The Three Graces seated in the clouds listen as young Cupid relates the story of Psyche and his mother Venus’ initial opposition – jealous of Psyche’s beauty – to mortal Psyche as his lover and eventual wife, as Apuleius originally tells it in Book Six of his 2nd c. The Golden Ass. Below, as the narrative relates of her ordeals commanded by Venus, Psyche is taken to Venus carrying the vessel she thinks holds Proserpina’s beauty but actually holds deadly “Sleep of the Innermost Darkness, the night of Styx”. Psyche opens the box desiring to be beautiful for Cupid and restored to him. In doing so, disobeying Venus, she swoons toward death, needing to be revived by Cupid. Whether the repeated face of Psyche in any way resembles that of Francesca Ordeaschi through the various artists is an unanswered question, but would be apropos for Agostino Chigi’s villa, however unlikely Psyche’s visage is in any more emphatic fashion other than as a narrative crux for the overall story. The Cupid and Psyche myth corpus has often been cited as a Classical allegory for the ascent of the soul as well as the elevation of the soul to immortality through love (especially love of beauty), based in some way on Socratic philosophy in the Symposium through Diotima’s “ladder of love” as well as in the Platonic Phaedrus 239 & ff.  In Apuleius’ Cupid and Psyche fabella, Mercury even carries Psyche to heaven and the marriage banquet, just as in the Farnesina frescoes. In Apuleius, Jupiter also legislates – similar to Pope Leo X with Agostino Chigi’s union with Francesca – that “the marriage is not a misalliance but perfectly in accord with usage and the civil code.”  The Classical Cupid and Psyche narrative used by Apuleius is also emblematic as is Eros in Greek: “Cupid is both a force that leads a soul to heaven and the boy with the bow and arrows” in the story.  Apuleius’ Golden Ass – one of the first authors printed in Italy according to Lindsay  – was readily available to Renaissance readers as early as 1469 edited by Giovanni Andrea de Bussi.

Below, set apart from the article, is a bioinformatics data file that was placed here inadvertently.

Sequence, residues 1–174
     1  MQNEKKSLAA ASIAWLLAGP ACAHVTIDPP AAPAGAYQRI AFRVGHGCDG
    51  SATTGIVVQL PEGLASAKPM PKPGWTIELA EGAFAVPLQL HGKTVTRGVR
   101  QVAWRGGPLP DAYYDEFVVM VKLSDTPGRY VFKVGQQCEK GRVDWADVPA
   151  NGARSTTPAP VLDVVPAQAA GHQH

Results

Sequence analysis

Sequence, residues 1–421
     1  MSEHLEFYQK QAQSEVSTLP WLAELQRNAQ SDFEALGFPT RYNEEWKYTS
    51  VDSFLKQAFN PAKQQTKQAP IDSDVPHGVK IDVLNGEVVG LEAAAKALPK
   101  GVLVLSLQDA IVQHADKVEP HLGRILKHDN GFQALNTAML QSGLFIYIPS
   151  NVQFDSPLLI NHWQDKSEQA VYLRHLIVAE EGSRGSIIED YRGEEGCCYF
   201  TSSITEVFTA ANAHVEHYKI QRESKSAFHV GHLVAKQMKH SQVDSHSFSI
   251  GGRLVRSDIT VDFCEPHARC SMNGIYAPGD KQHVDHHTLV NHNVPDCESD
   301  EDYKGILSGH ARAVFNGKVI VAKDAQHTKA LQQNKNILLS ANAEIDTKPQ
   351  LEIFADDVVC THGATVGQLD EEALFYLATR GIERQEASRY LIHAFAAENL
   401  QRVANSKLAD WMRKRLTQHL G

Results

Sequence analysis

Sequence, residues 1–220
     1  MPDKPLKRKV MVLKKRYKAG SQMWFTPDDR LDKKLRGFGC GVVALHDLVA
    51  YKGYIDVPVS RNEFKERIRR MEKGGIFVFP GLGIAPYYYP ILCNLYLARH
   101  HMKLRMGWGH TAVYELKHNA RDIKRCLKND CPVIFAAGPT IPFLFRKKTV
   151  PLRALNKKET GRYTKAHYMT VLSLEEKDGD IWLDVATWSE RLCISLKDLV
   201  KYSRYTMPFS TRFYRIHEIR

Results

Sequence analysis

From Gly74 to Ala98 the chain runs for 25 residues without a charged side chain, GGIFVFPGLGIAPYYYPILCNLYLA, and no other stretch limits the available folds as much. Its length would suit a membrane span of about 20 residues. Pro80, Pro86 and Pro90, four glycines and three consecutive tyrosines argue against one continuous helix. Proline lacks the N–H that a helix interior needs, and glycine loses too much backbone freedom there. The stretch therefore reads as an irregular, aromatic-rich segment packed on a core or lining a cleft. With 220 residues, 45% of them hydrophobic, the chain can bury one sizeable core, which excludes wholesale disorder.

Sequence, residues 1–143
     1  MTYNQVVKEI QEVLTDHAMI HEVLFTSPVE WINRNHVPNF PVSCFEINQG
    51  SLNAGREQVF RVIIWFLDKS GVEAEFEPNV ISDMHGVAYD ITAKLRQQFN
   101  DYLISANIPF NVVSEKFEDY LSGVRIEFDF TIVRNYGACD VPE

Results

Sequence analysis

The exquisite marbles Chigi purchased (seen, for example, in the floors in several above photos) were commented on from the outset in the early 16th century, as Rowland quotes; “It is wondrous how many marbles he gathers together and precious ones at that…”  Despite these amenities and other luxuries in the villa, including the best decoration available by consummate artists, the villa itself was not ostentatious in size but very restrained relative to other Renaissance palazzi of the day, even some close by in Rome. Its location at the very base of the Janiculum hill – seen through the villa’s upper western windows – may have also been important to Chigi as the southernmost promontory of supposed Etruscan (Tuscan) domains. The Chigi Villa in its “Viridario” garden setting was one of the many acquisitions of the rising Farnese Family in 1577 and its name changed to the Villa Farnesina in 1579. Outside in the Villa Farnesina’s once “spectacular” Tiber gardens,  but now greatly reduced, still give a sense of how beautiful the setting was designed to be for Agostino Chigi and Francesca Ordeaschi as their Viridario. In my photo below, the current Farnesina parterre gardens on the south side stop just at this side of the hedge at the bottom, but presumably the original Viridiario gardens extended to the far tree line by the Tiber River. Even if Agostino Chigi’s and Francesca Ordeaschi’s life together was hardly a decade, the legacy of the Villa Chigi-now- Farnesina is a Renaissance testimony to love and superb taste when resources knew no obstacle, perhaps like the Cupid and Psyche fable itself with a theme of Amor omnia vincit, “Love conquers all.”